Social Good

Donald's Story

January 2015

How mobile banking changed a small Solomon Island community

Less than a year ago, Donald Beto would reluctantly have to close his primary school for one week every few months just to travel to town and access his salary. Where Donald lives on the Marovo Lagoon in the Islands’ Western Province, life moves at a slower pace, and the infrastructure many of us take for granted is still catching up to demand.  He used to spend a large portion of his salary just to get to a bank. “I used to travel sixteen hours in a passenger boat to reach the port at Gizo to do my banking,” Donald says. “I would have to wait for the boat to depart at 12am and it wouldn’t arrive at Gizo until 4pm the next day. Then I had to spend money staying in town and paying my sea fare.”

Such were the difficulties faced by residents within rural communities in the Solomon Island despite today’s vast technological advancements.

Pristine coral reefs, extinct volcanoes and lush tropical rainforests, make the Solomon Islands something of a paradise, but even paradise has its drawbacks. A geographically dispersed population has meant a lack of critical mass in getting key services up and running in rural areas and as recently as 2013, around eighty per cent of Solomon Islanders did not have access to a bank account. Fortunately for Donald and others like him goMoney, a new initiative by the ANZ bank, has changed all that.

The distances involved also meant that Donald was away from work for an entire week, and being a school teacher, the impact was felt not just by Donald, but by his students too. “In the past I was unhappy about going so far because I left my family and students. When I used to go and get my pay I stopped teaching my class and sometimes no one supervised them. My students felt ignored, but I would have to explain the situation to them that I had to go.”

“We really appreciate it. People are accessing banking where they are. We feel that ANZ is taking care of us by providing the service in a rural setting like this.”

Since ANZ introduced mobile banking to the Solomon Islands and many parts of the Pacific in September 2013, managing his finances has been a dream in comparison.  It uses mobile phone networks rather than the internet to transform lives in rural communities like Donald’s by giving customers access to deposits, withdrawals and person-to-person (P2P) transfers through selected merchants, who are often existing shopkeepers. “It’s much easier now,” he says.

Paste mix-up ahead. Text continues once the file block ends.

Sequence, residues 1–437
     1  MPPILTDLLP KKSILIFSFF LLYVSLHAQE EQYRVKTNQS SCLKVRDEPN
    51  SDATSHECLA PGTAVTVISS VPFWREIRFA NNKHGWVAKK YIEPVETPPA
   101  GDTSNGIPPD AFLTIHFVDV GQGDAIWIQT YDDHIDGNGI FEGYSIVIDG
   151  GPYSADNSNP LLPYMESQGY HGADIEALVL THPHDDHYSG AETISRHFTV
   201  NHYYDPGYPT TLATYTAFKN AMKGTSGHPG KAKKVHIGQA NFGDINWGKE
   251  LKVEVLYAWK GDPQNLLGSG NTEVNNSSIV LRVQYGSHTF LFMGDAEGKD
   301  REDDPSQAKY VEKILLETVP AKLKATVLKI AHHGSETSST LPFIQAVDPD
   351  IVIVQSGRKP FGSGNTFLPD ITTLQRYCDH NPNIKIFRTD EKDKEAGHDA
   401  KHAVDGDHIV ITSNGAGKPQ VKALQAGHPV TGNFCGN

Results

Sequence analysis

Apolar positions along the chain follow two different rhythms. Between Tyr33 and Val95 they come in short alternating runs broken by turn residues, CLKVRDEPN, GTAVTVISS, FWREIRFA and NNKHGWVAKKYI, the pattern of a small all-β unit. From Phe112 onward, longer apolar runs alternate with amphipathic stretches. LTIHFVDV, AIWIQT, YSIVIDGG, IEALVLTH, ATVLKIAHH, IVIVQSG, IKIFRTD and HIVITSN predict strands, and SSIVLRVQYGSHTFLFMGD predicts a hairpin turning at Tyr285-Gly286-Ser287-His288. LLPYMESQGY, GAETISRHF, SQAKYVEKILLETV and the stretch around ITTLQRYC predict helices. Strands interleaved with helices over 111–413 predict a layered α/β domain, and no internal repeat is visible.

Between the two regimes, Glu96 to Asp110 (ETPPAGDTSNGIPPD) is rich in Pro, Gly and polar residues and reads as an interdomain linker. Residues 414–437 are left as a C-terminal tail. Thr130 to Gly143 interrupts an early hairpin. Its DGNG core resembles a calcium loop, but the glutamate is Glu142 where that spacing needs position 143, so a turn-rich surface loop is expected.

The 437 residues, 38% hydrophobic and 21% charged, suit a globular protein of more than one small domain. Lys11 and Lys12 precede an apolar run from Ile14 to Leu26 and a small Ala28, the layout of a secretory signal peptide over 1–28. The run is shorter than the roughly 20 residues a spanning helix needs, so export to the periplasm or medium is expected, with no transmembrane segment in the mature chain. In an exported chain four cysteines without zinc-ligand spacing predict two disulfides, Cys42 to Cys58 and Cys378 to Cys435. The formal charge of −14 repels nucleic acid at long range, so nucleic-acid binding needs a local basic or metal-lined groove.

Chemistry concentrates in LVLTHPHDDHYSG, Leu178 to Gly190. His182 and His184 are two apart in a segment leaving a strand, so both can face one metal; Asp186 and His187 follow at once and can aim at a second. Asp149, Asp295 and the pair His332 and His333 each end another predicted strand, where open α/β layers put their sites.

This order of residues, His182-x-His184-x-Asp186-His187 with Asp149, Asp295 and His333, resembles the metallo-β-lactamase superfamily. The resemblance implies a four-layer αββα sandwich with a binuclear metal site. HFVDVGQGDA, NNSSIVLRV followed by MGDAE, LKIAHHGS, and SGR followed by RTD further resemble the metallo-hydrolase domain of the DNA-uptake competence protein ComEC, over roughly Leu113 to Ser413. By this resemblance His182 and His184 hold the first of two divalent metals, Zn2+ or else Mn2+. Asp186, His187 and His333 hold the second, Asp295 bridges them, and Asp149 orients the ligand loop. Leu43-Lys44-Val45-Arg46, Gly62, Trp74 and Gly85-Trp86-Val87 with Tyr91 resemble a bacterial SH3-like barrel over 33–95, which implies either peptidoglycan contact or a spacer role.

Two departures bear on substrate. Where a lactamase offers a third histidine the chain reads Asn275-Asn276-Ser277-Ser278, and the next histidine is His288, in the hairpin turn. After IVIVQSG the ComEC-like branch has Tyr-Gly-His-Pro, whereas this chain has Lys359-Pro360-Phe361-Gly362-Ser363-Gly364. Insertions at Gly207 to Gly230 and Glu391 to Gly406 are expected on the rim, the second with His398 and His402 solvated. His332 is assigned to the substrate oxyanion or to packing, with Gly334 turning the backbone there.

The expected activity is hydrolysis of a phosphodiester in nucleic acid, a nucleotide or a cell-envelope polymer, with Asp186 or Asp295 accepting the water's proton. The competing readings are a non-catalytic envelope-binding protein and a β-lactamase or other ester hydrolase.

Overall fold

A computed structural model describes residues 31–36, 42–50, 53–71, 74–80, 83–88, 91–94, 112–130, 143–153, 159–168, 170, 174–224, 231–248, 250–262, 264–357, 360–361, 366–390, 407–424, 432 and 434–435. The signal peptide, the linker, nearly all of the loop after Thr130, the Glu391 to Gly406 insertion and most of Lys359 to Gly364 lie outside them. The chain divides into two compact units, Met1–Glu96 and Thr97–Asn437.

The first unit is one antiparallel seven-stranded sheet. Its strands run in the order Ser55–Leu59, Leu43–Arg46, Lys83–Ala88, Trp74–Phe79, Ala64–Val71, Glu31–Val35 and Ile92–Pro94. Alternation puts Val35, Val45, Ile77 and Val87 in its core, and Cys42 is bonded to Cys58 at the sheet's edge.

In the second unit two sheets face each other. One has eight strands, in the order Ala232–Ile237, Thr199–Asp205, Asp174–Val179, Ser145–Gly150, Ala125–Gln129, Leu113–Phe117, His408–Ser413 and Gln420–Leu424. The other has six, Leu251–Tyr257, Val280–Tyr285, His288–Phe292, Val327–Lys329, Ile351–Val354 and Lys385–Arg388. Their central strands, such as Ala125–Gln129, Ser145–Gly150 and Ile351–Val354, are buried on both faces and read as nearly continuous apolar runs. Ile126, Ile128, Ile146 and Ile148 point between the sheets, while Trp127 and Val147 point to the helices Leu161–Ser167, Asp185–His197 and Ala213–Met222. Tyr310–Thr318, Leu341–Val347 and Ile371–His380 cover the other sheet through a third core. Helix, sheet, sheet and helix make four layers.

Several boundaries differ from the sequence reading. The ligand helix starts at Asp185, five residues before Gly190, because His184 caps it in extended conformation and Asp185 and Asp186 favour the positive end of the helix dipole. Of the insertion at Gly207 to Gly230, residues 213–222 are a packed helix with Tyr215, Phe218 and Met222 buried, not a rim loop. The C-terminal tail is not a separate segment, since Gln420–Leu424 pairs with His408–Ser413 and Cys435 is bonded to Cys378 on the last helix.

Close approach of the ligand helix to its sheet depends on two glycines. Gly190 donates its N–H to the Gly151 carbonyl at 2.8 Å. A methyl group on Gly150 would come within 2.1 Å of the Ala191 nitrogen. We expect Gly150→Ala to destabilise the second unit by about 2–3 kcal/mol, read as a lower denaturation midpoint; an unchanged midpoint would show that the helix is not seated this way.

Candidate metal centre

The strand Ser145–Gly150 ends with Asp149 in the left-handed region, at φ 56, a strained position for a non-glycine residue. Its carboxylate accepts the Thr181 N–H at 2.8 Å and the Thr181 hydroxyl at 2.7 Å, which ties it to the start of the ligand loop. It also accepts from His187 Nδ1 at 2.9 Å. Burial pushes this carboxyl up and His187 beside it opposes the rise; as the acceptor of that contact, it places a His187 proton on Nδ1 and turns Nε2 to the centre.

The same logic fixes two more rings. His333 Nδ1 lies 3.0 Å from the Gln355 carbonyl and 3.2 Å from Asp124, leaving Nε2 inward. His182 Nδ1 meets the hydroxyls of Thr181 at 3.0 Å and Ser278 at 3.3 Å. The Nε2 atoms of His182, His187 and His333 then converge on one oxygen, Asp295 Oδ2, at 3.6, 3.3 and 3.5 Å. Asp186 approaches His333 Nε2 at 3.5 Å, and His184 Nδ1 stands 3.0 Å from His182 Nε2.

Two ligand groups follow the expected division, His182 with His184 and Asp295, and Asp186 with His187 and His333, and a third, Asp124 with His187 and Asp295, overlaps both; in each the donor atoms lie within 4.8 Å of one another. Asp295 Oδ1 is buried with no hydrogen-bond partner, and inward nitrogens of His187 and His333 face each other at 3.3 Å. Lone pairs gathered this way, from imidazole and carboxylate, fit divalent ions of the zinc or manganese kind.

When Donald wants to make a withdrawal, he calls the merchant up to make sure they have enough cash available and he pays them a visit. The merchant then uses their mobile handset to make a request, they both enter a PIN to authorise the transaction and the merchant gives him the money straight away.

Donald_AG_141209_ANZSOL_0123 (2).jpg
Fun and games with the teacher

“Now that I have registered for mobile banking , we go over to Seghe in the afternoon to get our pay and it is not necessary for us to leave the students so it doesn’t impact the class. A trip to Seghe takes about 45 minutes and I spend less than SBD$100 (AUD$16) to travel there with other colleagues who also bank there. I’m really happy now because I have enough time to be with the kids in the classroom and I can stay in my house and do other work that I need to do with my family.”

Being able to access this technology is empowering because Donald can check his financial position at the touch of a button. “In the past I had to reach the bank branch at Gizo to see my bank balance. Now I can access it at any time. I just use the mobile phone and all the information necessary is there for me to see.”

Donald (in hat) with his classroom of kids

He is now seeing a bigger shift taking place as people become more financially literate. “There are certain people who cannot control their money. Whenever they get it, they easily spend it. Mobile banking has reached into our community and helped people save money in the bank and even students are registering for access which means they can start saving early in life.”

In the year since it launched in the Solomon Islands, 23,000 customers had registered for ANZ’s goMoney and there’s no shortage of praise for the service. “We really appreciate it. People are accessing banking where they are. We feel that ANZ is taking care of us by providing the service in a rural setting like this.”

And Donald’s hopes for the future? “I’m hoping to influence others to do their banking with ANZ. I tell people, then they register for access to features like P2P transferring and all that. I believe that I’m helping people.”